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Posted by Tiffany Gaskin

Divorced and its Effect on Your Social Security Benefits

Divorced and its Effect on Your Social Security Benefits

A lot of factors determine the value one will get as Social Security benefits. A few of these are the age of claiming, whether you are still working after claiming the benefits, the value of what you earned in the year you paid Social Security. 

Many people, however, easily overlook divorce. For people who are divorced when married for ten years or more, either partner could earn more social security benefits. 

Effect of Divorce on Social Security 

All divorced couples do not qualify for additional benefits after claiming Social Security. There are other requirements one must meet. 

Firstly, you must consider and compare your benefits to your ex-spouse. Those getting more benefits compared to their ex-spouse do not qualify for extra money every month. However, if what you get each month is lower than your spouse's, your ex-spouse's work record might be eligible for increased benefits. 

If your benefit is less than your ex, you will need to meet other requirements. For instance, your marriage to your spouse must be 10 years at least, and you must be single. Also, you should be 62 years old to claim the benefits. 

Assuming you and your partner are old and mature enough for the benefits, and your ex is yet to claim them, there is the opportunity to claim the benefit if the divorced is over two years. Also, if you qualify for benefits judging by your work history, you will be paid. Also, if your ex-spouse's record allows you, you will get extra payment every month.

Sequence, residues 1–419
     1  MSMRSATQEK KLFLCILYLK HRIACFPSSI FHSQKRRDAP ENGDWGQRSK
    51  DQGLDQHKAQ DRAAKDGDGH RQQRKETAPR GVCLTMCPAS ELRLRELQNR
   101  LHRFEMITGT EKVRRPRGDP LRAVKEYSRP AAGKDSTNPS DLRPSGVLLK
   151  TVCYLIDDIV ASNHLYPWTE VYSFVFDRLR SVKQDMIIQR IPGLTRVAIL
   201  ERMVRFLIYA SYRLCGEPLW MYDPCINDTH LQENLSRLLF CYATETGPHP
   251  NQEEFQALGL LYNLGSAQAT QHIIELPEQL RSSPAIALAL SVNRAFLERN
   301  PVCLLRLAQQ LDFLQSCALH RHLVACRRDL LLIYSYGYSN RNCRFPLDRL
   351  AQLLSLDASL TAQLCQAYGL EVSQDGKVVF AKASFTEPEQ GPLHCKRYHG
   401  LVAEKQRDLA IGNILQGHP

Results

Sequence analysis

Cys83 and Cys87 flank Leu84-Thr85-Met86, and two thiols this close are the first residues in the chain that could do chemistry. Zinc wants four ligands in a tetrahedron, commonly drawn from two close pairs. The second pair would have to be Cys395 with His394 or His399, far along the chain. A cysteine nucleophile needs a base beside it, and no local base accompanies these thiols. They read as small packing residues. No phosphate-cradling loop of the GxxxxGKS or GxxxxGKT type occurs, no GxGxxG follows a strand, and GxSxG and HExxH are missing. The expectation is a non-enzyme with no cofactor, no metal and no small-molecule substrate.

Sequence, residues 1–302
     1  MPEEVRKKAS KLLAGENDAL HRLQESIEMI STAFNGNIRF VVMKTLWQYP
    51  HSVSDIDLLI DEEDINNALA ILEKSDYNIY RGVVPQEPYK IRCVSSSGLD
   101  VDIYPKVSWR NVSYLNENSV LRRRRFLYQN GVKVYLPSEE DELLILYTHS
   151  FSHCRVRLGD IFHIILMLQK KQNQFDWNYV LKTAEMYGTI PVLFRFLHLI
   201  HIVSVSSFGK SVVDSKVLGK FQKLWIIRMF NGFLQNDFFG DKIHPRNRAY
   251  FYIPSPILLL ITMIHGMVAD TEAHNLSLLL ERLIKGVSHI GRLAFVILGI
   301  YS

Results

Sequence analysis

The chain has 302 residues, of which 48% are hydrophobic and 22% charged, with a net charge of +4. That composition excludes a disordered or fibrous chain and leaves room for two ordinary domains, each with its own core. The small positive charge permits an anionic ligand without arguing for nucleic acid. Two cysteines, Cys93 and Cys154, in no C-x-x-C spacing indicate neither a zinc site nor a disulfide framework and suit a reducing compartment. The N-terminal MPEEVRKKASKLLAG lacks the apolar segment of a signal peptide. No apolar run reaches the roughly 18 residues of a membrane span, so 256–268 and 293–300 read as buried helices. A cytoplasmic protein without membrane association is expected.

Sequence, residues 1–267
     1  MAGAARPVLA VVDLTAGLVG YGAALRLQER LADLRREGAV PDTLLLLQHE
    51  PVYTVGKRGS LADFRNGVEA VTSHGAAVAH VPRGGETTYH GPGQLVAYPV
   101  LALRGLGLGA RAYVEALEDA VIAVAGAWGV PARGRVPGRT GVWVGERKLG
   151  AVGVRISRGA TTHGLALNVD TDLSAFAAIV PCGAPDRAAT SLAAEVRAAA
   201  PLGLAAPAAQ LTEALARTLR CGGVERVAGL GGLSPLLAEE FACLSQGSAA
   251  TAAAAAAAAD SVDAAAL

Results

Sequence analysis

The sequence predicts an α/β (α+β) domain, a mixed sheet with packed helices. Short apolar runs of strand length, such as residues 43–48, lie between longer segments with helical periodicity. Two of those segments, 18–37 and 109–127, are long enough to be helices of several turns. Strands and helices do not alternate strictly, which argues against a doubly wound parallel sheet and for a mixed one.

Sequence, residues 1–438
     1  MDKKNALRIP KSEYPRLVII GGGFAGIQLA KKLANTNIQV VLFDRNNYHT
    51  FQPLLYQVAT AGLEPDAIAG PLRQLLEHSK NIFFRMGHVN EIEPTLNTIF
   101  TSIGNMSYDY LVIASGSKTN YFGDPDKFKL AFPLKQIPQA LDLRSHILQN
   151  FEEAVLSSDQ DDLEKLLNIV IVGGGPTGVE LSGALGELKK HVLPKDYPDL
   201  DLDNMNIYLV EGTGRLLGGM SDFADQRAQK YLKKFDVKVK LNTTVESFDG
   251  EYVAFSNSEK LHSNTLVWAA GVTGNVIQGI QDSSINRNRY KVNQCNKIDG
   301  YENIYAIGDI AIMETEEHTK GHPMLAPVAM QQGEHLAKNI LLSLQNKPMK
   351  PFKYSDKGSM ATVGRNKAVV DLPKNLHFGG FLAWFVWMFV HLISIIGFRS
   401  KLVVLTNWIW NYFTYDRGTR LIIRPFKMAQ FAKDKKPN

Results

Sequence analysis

The age you claim is what determines what you get as extra payment. You can get the total amount you are entitled to, provided you can wait till full retirement age – 66½. Claiming before then will reduce your benefit. 

If you wait till the full retirement age, provided you qualify for some benefits judging by your ex-spouse's records, you qualify for half of the funds your ex will collect on getting to the full age of retirement.

Finally, one needs to remember that no matter the value of the funds you get judging by your ex-partner's record, it does not affect what the person or their current spouse will benefit from. 

A Hypothetical Example of Social Security in Action 

Calculating taxes and benefits can be pretty confusing, so it's not surprising that estimating your benefits based on an ex-spouse's record could be overwhelming. Here is an example that will shed light on it.

Let us assume that you were married for 25 years and you were single after the divorce. Your full retirement age is 66.5, and you got $1500 per month, judging by your earning and work record. At the moment, your ex-husband is currently getting $3,500 in benefit when he claimed at the full retirement age. Since you were married for over ten years, and you are currently single, you can get less in benefit compared to your ex-spouse. You also qualify for benefits using the records of your ex-spouse.

Assuming you waited till full retirement age before claiming, you will get the whole $2000 that you qualify for. Judging by the records of your ex-spouse, you qualify for half of what he's getting or $1750 per month. There is no provision to get your benefit ($1500) together with your ex-spouse's benefit ($1750). You will, however, get your $1500 plus an extra $250 per month, which makes your entire benefit equal to half of your ex-spouse. 

Every social security restriction applies here as well. For instance, claiming when you are not at the full retirement age will reduce your benefit. Also, there might be a temporary reduction if you work after claiming the deductions. 

Social security benefits might appear complex, with many factors contributing to what you will receive every month. An excellent way to maximize your earning is to understand what you qualify for and whether you can apply for extra benefits.



Tiffany Gaskin
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